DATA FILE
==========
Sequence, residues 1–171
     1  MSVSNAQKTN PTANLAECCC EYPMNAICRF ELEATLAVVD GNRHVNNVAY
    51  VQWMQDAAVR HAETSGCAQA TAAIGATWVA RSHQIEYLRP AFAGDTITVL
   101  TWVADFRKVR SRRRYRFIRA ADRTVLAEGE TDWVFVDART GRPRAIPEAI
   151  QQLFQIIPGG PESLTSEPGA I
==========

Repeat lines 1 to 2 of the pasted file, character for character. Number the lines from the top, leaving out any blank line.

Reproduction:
Sequence, residues 1–171
     1  MSVSNAQKTN PTANLAECCC EYPMNAICRF ELEATLAVVD GNRHVNNVAY